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'[PIC] More MSSP Questions...'
2006\03\20@231531 by Josh Koffman

face picon face
Alright, I've been reading the datasheet and now I have more questions
(go figure)!

I've been looking at DS39631A - the PIC18F2520 datasheet.

On page 166 (section 17.3.5 Master Mode) it's talking about the SPI
clock rate and how we can select it. The following options are given:

Fosc/4 (or Tcy)
Fosc/16 (or 4 . Tcy)
Fosc/64 (or 16 . Tcy)
Timer2 Output/2

So my question is...should the dot that preceeds the Tcy be something
else? If it really does mean multiplied by, I just don't understand
it...Fosc/16 should be 1/4 the instruction speed correct?

Second, am I correct in determining that if I want to clock data out
of my wireless module, I should keep my PIC in master mode so that it
generates the clock signal? If so, from my understanding I need to
write a byte to the SSPBUF register. At that point my data will be
clocked out as the incominging data is clocked back into SSPBUF.

This poses a problem that I mentioned in my other email. Since I need
to connect SDI and SDO of the PIC together somehow as my wireless
module only has one data connection, I have an issue in receive mode.
When I'm transmitting to the module, I'm ok as I can just ignore
whatever is clocked back into SSPBUF as I send my byte. That won't
work when I want to receive though...I have to load SSPBUF with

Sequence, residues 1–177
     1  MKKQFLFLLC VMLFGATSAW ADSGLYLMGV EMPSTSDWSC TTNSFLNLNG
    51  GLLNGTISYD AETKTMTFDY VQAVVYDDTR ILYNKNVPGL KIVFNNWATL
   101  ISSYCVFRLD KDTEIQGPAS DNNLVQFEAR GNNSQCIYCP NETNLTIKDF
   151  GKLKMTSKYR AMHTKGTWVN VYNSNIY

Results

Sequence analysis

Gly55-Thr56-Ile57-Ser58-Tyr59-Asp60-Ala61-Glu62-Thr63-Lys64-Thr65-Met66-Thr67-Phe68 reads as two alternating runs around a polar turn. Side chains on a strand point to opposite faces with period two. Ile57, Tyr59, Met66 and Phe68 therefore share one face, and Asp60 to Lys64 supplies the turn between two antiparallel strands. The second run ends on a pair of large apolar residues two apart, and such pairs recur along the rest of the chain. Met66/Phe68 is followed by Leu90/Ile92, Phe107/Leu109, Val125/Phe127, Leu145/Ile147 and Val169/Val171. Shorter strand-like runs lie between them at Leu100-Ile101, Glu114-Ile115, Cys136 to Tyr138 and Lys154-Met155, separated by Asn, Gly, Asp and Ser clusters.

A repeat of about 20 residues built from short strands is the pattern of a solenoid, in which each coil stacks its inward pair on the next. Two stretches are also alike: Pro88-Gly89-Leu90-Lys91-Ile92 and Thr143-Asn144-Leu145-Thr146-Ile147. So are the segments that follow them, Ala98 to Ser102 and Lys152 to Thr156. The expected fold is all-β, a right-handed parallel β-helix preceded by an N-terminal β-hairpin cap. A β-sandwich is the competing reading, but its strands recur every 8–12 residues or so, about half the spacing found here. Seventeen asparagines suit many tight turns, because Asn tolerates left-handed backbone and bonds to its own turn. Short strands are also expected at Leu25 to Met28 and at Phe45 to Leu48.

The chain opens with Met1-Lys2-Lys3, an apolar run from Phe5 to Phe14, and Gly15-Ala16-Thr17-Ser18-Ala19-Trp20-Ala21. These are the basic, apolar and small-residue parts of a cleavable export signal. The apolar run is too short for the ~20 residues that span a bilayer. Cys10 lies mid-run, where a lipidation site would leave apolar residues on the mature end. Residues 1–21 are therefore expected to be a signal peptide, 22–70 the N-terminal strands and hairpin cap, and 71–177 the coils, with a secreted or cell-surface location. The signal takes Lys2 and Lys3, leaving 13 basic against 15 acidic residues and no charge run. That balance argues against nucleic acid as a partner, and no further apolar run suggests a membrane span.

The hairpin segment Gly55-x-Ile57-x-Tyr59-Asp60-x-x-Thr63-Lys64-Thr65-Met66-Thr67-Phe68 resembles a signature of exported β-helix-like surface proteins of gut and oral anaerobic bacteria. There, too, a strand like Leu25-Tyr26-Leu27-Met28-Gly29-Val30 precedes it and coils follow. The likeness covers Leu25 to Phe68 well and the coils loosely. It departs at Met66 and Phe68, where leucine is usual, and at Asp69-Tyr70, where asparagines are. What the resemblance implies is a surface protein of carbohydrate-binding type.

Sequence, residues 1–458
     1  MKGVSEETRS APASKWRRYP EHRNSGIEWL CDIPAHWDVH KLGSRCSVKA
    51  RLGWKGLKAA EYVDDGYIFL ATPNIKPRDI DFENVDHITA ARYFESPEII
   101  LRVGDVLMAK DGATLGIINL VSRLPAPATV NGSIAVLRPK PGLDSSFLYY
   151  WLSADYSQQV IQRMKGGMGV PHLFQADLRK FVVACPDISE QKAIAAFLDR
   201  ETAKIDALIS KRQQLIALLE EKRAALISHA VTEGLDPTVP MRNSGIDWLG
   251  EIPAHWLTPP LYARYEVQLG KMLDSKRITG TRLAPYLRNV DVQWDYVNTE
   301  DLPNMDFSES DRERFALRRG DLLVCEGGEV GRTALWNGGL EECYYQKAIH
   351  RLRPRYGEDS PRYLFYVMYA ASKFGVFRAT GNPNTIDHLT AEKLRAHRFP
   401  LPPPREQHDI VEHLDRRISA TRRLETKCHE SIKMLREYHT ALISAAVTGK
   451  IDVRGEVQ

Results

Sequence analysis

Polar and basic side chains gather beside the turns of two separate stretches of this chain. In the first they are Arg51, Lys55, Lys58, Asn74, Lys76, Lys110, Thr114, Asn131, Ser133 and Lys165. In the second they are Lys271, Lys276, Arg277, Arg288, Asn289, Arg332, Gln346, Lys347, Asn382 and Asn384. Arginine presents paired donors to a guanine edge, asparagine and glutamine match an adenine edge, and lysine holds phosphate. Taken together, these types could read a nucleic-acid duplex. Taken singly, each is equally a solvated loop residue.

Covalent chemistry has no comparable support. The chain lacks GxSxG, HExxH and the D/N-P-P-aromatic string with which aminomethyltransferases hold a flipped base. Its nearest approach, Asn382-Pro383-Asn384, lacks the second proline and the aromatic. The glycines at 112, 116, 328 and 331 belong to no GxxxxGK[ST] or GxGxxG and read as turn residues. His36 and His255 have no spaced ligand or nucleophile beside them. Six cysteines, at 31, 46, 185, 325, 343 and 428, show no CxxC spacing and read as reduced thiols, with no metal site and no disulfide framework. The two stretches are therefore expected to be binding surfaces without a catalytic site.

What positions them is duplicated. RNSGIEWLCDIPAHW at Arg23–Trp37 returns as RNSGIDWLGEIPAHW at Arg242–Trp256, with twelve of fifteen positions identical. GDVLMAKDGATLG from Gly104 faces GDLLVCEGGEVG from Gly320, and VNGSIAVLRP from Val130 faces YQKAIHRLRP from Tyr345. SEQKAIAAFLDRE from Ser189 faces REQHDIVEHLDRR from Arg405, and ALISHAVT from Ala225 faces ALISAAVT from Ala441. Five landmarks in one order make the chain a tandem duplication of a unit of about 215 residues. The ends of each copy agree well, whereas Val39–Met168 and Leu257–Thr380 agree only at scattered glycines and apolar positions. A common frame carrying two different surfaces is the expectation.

something to trigger it to receive and since the pins are connected
together I'll just end up reading back in what I'm sending. Or even
worse, I'll  create a bus contention and damage my module or PIC pins.
What do I do?

Thanks!

Josh
--
A common mistake that people make when trying to design something
completely foolproof is to underestimate the ingenuity of complete
fools.
       -Douglas Adams

2006\03\21@002710 by Sergey Dryga

face picon face
Josh Koffman <joshybear <at> gmail.com> writes:

Hello Josh,
>
> Alright, I've been reading the datasheet and now I have more questions
> (go figure)!
>
> I've been looking at DS39631A - the PIC18F2520 datasheet.
>
> On page 166 (section 17.3.5 Master Mode) it's talking about the SPI
> clock rate and how we can select it. The following options are given:
>
> Fosc/4 (or Tcy)
> Fosc/16 (or 4 . Tcy)
> Fosc/64 (or 16 . Tcy)
> Timer2 Output/2
>
> So my question is...should the dot that preceeds the Tcy be something
> else? If it really does mean multiplied by, I just don't understand
> it...Fosc/16 should be 1/4 the instruction speed correct?

It takes 4 clock cycles for one instruction, therefore Tcy = 1/(Fosc/4).
One way to think about it is that "frequency" of instructions is Fosc/4.  
For MSSP clock speed Fosc/16 you will have Fmssp = Fosc/16, while period of the
clock Tmssp = 4*Tcy.  


>
> Second, am I correct in determining that if I want to clock data out
> of my wireless module, I should keep my PIC in master mode so that it
> generates the clock signal? If so, from my understanding I need to
> write a byte to the SSPBUF register. At that point my data will be
> clocked out as the incominging data is clocked back into SSPBUF.
>

I did not use MSSP in SPI mode, but in I2C the module will first clock out
address and indicate read/write mode (last bit of the address).  Slave will